If you have any other public endpoints that are useful to monitor, such as an API health check endpoint, create a separate Outbound Probe for each of those.
It may seem simple, but configuring this one check means your site is now constantly being monitored for many common issues at the DNS, TCP, SSL certificate, HTTP server, framework, and application layers of your stack. This monitoring is the highest coverage per effort in terms of monitoring a new website or app.
If you do not have any background processes or cron jobs that are part of your service (kudos to you for keeping your system simple), move on to step 3.
If you do have vital background processes that MUST run, setting up monitoring for them is easy with an Inbound Liveness check. Inbound Liveness checks provide an HTTP endpoint for your code to check in with periodically, and alert you if your system fails to check in. This is perfect for making sure regularly scheduled cron jobs or other background processes are running.
To set one up, create a new trigger, and change the type to Inbound Liveness. Give it a name.
Timeout in this case is also nuanced and it's worth thinking a little bit about. In this case the timeout is the amount of time since the last check-in that Heii On-Call will wait before sending you an alert. The value you enter should be the frequency at which the cron job runs at, plus a bit of buffer time to cover variability in how long the job takes to run. For example if you have an email sending cron job that runs every 30 minutes, you might make the timeout 35 minutes. If you have a daily database cleanup script that runs once a day, you might make the timeout 26 hours (remember, there is a 25-hour day when clocks fall back in the autumn!).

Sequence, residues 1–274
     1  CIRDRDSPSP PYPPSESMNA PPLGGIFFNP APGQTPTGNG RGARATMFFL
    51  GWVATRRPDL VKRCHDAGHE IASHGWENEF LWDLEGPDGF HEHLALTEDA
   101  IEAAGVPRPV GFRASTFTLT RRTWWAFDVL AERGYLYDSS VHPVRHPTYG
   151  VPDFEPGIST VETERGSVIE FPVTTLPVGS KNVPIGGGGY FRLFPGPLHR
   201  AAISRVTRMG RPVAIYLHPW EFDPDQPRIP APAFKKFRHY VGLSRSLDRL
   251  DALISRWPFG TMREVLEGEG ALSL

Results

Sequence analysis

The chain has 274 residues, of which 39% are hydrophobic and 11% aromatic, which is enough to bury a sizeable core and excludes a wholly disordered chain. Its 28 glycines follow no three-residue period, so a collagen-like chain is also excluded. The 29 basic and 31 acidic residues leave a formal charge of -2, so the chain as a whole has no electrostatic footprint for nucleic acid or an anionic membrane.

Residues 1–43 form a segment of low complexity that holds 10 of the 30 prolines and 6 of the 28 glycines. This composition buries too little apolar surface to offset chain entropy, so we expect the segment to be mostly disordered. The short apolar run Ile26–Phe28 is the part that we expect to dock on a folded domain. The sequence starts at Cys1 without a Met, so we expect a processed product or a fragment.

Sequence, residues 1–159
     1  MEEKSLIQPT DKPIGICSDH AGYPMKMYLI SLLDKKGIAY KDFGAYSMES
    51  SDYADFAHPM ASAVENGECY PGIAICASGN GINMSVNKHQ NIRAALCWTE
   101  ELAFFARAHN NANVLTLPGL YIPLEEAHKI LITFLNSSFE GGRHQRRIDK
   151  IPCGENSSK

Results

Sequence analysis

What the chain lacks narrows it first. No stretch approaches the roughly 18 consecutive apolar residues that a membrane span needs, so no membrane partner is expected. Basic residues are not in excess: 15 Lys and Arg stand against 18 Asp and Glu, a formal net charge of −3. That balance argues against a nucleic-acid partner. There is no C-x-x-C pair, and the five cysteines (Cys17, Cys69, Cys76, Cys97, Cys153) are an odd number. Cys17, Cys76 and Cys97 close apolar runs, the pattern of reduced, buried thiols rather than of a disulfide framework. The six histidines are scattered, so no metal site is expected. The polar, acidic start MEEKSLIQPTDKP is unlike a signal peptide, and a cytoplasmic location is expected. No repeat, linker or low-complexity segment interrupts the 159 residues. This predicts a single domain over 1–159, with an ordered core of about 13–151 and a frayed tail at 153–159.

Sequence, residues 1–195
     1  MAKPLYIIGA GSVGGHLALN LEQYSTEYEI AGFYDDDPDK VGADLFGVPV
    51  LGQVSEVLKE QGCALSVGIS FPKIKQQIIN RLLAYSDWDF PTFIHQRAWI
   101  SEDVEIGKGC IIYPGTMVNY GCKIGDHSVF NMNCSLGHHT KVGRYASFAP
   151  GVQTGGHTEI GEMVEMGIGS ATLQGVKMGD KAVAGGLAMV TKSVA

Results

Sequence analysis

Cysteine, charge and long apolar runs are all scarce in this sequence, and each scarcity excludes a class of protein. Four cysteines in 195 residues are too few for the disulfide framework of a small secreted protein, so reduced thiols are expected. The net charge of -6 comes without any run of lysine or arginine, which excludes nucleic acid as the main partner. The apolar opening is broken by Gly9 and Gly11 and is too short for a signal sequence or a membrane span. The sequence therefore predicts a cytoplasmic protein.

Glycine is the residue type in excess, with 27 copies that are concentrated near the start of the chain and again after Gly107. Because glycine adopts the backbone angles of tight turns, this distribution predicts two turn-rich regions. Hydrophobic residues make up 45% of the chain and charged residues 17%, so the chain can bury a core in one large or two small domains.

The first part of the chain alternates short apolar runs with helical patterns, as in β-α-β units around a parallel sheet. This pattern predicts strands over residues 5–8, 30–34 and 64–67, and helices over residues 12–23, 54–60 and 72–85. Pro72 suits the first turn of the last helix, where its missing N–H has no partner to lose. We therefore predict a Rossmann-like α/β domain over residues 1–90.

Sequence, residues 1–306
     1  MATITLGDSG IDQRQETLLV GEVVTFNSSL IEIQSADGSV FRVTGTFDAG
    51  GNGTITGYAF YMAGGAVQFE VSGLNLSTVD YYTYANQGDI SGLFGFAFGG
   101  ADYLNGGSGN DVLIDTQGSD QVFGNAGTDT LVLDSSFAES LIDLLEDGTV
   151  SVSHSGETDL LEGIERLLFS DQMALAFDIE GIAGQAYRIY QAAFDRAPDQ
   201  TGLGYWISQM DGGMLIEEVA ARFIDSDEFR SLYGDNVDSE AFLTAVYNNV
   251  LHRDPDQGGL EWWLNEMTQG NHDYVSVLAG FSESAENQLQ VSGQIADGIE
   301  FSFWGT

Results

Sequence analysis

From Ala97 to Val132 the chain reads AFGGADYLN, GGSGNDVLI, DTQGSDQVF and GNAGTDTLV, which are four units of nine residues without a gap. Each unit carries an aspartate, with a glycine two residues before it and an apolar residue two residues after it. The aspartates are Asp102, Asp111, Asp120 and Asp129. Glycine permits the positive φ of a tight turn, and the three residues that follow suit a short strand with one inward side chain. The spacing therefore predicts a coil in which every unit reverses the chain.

Click create, and take note of the newly created ID. This is the ID that your application code needs to check in with. Check the documentation for more information on how to make your application code send an HTTP request to check in with the inbound liveness check.
If you have event-driven background workers that run when needed but not on a regular schedule, it’s still a good idea to use an Inbound Liveness check to ensure your job queue and worker process stays up and running by periodically injecting a background job that only performs an Inbound Liveness check-in. This will catch any serious downtime in your message queue or worker deployments.
This is the minimum you absolutely need, and you should not do any more when just getting started. At this stage your job is to build your product and talk to your users, not tune your CPU load metrics. All you really need to know is that the app is up and running, and following steps 1 and 2 above will monitor that for you, continuously. Once your website starts growing, and you begin running into scaling issues, then it is time to start thinking about whether you need things like on-call scheduling and Datadog alternatives.